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The relationship of cation-adsorption capacity to exchange adsorption in selected feldspar minerals
The transport of radioisotopes by ground water has been the subject of numerous investigations. An important factor controlling the rate of transport is the distribution coefficient, K[subscript d], as defined by Mayer and Tompkins. The K[subscript]d is a measure of the amount of a specific cationic species distributed between the solution phase and the solid phase. The distribution will depend upon the adsorbent capacity of the solid material. The purpose of this investigation is to determine the relationship between the distribution and the adsorbent capacity of granular microcline, albite, and bytownite feldspar. Adsorption by earth materials is commonly expressed as cation - exchange capacity. This value represents the maximum amount of cations that a mineral is capable of adsorbing. Earth materials adsorb cations from solution regardless of whether or not sufficient cations are available for complete saturation. The maximum adsorption under these conditions is referred to as cation-adsorption capacity. Cation-adsorption capacities were measured for 20-30 mesh size granular microcline, albite, and bytownite feldspars. Bytownite has a larger adsorption capacity than does microcline, and microcline has still a larger adsorption capacity than albite. The cation-adsorption capacity is related to the magnitude of the residual negative charge on the feldspar grains which is in turn related to the structural configuration of the mineral. Adsorption during the distribution reaction is termed exchange adsorption. The magnitude of the exchange adsorption will depend upon the nature of the adsorbent and the nature of the cations in solution. It was found that in a distribution involving cesium and sodium, calcium, or potassium that cesium and potassium will be distributed according to their respective concentrations in the solution. Distributions involving cesium and calcium or sodium will react as if the cesium is present in larger concentrations than is actually the case. This is due to the influence of the double diffuse layer on the electrical charge distribution on the calcium and sodium ions. The double diffuse layer is related to the hydration characteristics of the ion. Cesium and potassium have similar hydration characteristics, therefore, the double diffuse layer does not induce relative diffusion in the distribution reaction. The distribution reaction is determined by the competing cation, the trace cation, and the adsorption capacity of the mineral adsorbent. For a particular solution-solid system the adsorption reaction for the competing cation and the mineral adsorbent cannot be predicted. The influence of the competing cation upon the distribution reaction prohibits the use of cation-adsorption capacity to determine K[subscript d] values.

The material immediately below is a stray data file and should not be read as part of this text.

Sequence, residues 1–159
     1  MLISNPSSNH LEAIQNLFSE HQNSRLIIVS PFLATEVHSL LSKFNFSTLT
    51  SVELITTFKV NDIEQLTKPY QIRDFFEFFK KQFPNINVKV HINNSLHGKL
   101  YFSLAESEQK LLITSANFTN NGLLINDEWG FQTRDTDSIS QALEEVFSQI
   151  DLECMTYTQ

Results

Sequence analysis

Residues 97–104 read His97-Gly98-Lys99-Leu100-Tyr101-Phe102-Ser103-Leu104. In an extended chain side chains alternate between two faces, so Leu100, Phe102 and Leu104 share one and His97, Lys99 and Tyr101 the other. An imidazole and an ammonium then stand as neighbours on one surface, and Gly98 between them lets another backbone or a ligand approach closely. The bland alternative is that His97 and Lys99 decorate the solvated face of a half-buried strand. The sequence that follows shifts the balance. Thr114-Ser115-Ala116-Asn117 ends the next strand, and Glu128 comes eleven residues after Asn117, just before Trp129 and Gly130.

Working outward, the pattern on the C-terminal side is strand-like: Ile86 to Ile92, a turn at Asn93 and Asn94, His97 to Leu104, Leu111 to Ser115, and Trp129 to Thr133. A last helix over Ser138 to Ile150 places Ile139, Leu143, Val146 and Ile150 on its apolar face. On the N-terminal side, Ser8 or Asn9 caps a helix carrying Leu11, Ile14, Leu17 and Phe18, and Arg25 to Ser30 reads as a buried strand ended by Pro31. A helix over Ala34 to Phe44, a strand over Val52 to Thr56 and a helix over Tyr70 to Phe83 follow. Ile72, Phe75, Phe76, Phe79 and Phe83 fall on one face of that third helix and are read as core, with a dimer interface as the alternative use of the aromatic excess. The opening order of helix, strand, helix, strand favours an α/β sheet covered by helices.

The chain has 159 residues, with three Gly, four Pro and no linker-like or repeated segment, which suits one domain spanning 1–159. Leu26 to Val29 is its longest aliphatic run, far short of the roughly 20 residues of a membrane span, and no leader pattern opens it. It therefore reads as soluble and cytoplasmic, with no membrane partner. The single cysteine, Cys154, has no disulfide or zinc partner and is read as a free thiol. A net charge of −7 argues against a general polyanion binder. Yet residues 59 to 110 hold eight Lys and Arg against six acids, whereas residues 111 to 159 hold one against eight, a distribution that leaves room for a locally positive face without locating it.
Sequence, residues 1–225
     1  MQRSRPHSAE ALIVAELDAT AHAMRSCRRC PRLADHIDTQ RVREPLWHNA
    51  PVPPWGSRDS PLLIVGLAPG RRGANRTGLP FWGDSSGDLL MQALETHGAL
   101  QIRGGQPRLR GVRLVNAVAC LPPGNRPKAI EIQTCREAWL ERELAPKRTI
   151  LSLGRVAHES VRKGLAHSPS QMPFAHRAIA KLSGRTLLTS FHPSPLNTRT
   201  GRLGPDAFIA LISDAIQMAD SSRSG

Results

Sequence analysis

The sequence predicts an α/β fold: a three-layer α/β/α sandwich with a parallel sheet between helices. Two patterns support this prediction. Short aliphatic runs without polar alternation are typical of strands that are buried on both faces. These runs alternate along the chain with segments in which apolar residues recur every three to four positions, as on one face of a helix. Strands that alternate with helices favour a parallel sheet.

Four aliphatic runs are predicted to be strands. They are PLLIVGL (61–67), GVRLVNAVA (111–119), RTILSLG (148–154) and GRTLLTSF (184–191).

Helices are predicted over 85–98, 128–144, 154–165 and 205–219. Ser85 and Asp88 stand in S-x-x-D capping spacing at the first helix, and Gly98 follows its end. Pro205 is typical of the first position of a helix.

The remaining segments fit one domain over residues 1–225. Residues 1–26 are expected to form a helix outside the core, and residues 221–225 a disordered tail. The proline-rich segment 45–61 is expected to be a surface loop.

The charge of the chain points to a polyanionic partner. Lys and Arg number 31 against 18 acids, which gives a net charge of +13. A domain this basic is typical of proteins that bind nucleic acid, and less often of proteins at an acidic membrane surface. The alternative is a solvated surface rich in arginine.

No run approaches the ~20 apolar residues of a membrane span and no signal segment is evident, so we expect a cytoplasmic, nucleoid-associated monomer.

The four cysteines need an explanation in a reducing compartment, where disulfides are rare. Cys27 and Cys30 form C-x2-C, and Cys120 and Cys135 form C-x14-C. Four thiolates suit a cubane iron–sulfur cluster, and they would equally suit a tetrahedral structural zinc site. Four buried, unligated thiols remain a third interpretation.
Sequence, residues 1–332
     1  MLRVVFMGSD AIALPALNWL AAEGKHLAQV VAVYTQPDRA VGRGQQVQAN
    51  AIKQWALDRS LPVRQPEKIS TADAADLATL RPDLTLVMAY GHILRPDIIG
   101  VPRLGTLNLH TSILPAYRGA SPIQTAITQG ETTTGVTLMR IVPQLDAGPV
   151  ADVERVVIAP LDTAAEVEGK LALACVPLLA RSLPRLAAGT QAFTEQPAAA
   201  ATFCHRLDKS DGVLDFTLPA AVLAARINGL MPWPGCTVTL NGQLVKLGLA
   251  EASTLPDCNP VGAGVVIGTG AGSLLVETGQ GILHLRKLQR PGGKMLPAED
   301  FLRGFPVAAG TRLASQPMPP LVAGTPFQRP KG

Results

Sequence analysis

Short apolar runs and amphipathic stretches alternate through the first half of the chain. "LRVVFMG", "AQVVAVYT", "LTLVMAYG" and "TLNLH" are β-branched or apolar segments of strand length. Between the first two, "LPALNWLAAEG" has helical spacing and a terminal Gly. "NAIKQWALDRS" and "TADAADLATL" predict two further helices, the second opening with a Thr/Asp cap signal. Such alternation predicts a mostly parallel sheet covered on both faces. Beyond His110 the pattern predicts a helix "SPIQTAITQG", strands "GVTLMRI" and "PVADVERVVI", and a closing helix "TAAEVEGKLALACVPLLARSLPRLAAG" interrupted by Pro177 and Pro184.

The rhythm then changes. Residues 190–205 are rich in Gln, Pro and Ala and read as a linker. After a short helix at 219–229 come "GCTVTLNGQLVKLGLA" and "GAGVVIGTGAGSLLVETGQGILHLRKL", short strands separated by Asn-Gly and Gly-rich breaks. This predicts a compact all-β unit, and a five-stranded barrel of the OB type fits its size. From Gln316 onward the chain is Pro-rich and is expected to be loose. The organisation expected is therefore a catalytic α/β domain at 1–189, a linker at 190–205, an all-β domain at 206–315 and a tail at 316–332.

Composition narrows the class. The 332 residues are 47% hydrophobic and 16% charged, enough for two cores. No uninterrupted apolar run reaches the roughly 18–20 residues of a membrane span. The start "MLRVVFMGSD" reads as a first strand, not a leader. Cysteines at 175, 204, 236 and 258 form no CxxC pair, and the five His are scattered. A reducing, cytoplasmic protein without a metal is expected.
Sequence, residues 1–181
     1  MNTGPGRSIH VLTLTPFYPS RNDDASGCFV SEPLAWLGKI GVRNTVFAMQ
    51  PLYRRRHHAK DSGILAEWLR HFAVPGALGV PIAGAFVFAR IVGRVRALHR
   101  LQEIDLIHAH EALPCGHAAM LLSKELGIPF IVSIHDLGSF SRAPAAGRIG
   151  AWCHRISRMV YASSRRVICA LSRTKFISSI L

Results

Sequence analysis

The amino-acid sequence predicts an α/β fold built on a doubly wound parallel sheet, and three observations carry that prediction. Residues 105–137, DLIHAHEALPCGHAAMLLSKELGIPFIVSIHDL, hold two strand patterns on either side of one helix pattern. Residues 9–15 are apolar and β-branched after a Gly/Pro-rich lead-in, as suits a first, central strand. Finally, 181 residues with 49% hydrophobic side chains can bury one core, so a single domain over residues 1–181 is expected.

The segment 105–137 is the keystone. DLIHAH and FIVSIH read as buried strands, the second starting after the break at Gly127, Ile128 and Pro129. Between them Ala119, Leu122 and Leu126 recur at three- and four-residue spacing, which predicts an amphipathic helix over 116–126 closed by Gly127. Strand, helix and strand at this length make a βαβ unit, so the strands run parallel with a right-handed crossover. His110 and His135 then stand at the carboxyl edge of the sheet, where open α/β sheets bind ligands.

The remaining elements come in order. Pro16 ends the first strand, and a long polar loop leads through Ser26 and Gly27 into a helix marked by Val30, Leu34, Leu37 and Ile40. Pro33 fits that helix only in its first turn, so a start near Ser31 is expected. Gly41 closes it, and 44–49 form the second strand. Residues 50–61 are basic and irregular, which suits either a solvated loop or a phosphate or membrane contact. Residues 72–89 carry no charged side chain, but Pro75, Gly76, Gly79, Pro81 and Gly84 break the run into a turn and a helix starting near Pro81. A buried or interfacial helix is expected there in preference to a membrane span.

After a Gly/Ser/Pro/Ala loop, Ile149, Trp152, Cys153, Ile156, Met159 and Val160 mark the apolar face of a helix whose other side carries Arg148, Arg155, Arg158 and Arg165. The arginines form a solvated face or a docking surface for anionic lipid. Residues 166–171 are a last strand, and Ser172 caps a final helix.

Crocker, Marvin Carey (1967). The relationship of cation-adsorption capacity to exchange adsorption in selected feldspar minerals. Doctoral dissertation, Texas A&M University. Texas A&M University. Libraries. Available electronically from
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